Glaucoma is a popular eye condition where the optic nerve, which connects the eye to the brain, gets damaged. It's usually as a result of fluid building up in the front part of the eye, which increases pressure within the eye.
Glaucoma can cause loss of vision if it's not diagnosed and treated early. It can affect persons of all ages, but is mainly common in adults in their 70s and 80s.
All glaucoma surgical procedures (whether laser or non-laser) are designed to accomplish one of two primary results: decrease the production of intraocular fluid aqueous humor or increase the outflow (drainage) of the same fluid. Periodically, a procedure will accomplish both.
Currently the goal of glaucoma surgery and other glaucoma treatment is to lower or stabilize intraocular pressure (IOP). When this goal is accomplished, damage to ocular structures — especially the optic nerve — may be avoided.
If medicine or laser surgery does not ease eye pressure, a patient may need glaucoma surgery. There are various options.
Filtering surgery creates a new approach through the eye's tissues to let fluid drain from the eye.
In the most common filtering surgery, called a trabeculectomy or a sclerostomy, the surgeon makes a small hole in the white part of the eye (the sclera) to create a new outflow path. The fluid then flows through the new hole and creates a bleb, which is like a small bubble or pool on the surface of the eye. The bleb holds the fluid while it is gradually absorbed into the surrounding tissue. The upper eyelid normally hides the bleb, so it's not noticeable to you or others.
Some persons who have this procedure no longer need medicine after surgery. Some people treated still need medicine, but they have better pressure control after the operation. Around 15 percent do not benefit from filtering surgery.
An alternative type of glaucoma surgery may occasionally be carried out in which the tissues over the drainage region are thinned but not fully penetrated. This procedure can produce less complication than trabeculectomy, but also may be less effective in achieving low intraocular pressures.
Drainage Implant Surgery
Drainage implant surgery is sometimes carried out when a person is not eligible for filtering surgery or when earlier filtering surgery has failed. Depending on the type of implant used, the surgery is called valve, shunt or seton surgery.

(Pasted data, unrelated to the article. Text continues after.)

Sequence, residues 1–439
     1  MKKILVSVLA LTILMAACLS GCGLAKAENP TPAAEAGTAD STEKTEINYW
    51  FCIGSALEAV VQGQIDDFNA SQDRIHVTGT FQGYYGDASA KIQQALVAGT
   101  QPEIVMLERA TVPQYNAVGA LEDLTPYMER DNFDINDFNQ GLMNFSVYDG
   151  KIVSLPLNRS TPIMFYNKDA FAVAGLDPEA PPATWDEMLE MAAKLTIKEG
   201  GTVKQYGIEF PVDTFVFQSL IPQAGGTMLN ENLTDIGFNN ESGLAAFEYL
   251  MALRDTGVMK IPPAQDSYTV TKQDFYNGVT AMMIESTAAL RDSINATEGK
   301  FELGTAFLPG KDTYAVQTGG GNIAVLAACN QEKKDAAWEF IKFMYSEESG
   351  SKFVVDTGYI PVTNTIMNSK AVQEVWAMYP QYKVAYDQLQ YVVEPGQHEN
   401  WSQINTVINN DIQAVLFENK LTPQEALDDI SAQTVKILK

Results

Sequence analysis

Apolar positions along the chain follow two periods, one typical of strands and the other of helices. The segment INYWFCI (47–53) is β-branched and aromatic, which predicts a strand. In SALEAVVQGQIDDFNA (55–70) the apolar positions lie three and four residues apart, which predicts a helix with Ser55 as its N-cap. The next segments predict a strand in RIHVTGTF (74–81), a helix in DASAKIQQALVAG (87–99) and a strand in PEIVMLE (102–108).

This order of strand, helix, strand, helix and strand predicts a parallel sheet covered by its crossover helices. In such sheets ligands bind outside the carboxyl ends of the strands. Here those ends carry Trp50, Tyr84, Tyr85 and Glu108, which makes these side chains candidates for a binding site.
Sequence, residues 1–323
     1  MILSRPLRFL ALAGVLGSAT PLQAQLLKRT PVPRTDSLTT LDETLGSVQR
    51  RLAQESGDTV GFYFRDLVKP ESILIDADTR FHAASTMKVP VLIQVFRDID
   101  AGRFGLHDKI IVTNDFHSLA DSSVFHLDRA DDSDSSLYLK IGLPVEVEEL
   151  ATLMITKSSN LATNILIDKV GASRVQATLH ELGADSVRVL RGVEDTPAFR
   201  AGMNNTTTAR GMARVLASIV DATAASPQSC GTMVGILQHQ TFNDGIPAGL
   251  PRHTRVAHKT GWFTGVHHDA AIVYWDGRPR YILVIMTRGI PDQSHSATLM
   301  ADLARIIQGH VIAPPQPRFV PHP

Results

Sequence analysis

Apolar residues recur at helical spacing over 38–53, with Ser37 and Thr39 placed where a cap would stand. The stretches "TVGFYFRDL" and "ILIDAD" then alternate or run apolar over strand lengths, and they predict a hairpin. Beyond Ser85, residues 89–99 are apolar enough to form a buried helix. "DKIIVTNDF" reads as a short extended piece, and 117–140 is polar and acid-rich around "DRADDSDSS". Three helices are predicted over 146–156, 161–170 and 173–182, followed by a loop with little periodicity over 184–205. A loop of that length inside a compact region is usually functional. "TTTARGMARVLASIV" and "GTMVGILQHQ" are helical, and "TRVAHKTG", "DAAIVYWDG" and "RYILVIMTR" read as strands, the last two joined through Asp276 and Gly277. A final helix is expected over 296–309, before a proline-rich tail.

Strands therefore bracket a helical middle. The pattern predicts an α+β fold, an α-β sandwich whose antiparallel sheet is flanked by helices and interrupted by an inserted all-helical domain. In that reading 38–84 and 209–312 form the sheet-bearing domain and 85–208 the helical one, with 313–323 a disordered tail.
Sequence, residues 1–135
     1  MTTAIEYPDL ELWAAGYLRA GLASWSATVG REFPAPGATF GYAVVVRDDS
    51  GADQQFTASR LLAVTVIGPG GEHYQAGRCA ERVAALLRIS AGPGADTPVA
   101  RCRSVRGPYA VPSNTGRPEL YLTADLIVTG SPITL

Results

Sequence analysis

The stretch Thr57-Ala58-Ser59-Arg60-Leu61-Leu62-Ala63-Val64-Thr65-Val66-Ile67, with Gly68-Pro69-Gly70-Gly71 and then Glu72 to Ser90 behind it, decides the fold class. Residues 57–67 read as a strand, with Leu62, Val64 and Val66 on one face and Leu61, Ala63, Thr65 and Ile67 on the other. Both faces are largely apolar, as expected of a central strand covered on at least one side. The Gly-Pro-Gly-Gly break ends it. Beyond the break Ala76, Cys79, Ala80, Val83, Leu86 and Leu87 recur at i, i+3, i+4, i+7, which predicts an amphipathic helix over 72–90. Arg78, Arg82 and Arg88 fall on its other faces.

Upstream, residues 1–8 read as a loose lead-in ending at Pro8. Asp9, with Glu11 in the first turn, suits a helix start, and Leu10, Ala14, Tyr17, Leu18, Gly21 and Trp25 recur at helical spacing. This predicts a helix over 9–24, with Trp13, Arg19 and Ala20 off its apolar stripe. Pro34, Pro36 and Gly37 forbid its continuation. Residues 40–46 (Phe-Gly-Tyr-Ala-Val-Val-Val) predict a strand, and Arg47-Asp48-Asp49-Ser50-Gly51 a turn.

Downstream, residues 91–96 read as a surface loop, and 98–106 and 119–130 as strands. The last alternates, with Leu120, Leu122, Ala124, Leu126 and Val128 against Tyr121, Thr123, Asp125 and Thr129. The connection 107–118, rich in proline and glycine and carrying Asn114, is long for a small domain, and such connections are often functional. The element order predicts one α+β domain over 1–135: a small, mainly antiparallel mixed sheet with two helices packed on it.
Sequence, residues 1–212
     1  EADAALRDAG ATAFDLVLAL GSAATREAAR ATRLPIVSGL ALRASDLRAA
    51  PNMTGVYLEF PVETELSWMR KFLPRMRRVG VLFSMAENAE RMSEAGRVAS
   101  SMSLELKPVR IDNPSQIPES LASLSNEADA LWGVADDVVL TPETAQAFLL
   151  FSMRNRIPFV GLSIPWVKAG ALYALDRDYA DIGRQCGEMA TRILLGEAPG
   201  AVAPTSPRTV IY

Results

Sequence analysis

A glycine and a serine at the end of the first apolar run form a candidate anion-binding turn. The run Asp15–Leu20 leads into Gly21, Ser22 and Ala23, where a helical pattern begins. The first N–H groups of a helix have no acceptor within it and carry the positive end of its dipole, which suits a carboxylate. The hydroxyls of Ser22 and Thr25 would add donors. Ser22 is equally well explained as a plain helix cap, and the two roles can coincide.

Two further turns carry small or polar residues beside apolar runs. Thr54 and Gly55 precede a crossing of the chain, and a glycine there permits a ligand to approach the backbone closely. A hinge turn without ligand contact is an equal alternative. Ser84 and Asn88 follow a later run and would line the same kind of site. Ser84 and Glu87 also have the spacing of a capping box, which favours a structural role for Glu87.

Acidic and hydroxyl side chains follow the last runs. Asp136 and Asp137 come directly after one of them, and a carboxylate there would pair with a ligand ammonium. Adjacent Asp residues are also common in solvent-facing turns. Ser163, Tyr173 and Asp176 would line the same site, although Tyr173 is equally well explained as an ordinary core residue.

In these procedures, the surgeon inserts a tiny tube through the sclera into the front area of the eye behind the iris. This tube becomes a path for fluid to drain off. The other end of the tube is joined to a tiny reservoir that acts like the bleb to hold fluid until it is absorbed into the surrounding tissue. The reservoir is positioned on the surface of the eye, back between the eye muscles, so it is not visible.
Right after filtering or drainage implant surgery, a person can have a temporary reduction of vision. Vision usually improves over several weeks to its former level. It also takes time to recover from either form of surgery. For example, in the weeks after surgery, people must always avoid getting water into their eyes, reading, bending, lifting heavy objects and driving.
Canaloplasty is a latest procedure to lower pressure that is performed within the eye wall but that does not actually pentrate the eye. While this procedure is safer than filtering surgery, it does not supply as profound a reduction in IOP.
Minimal Invasive Glaucoma Surgeries
Minimal Invasive Glaucoma Surgeries are a set of newer FDA approved operations that reduces pressure. These methods currently include Trabectome and the iStent. Both of these approaches work by bypassing the blockage in the drain of the eye to aid fluid flow through the natural drain and do not need "artifical" pathways for fluid drainage to regions outside the eye. Like canaloplasty, the procedures are less risky than filtering surgery but do not supply as profound a reduction in IOP. More long-term data is required to determine how well they work beyond the first early years. Use of Minimal Invasive Glaucoma Surgeries is still being debated among glaucoma specialists but can have application that is specific patients.
Laser Cyclophotocoagulation is used for intense cases of glaucoma. It removes tiny areas of the ciliary body that make aqueous fluid. This "turns down the faucet." Laser cyclophotocoagulation need a numbing block to the eye to prevent pain with the procedure.
Risks of Glaucoma Surgery
Glaucoma surgeries have some possible risks, such as:
· A higher risk of getting cataracts
· Infection or leaking of the incision
· Too low pressure
· Hemorrhages inside the eye
Unfortunately, the new drainage path can close, leading to pressure in the eye to rise again. Filtering surgery can be repeated with good outcomes. Also, drainage implants are usually successful in patients whose filtering surgery has failed. The medicines that reduce inflammation and control scar formation after surgery have assisted in increasing the success of glaucoma surgeries.
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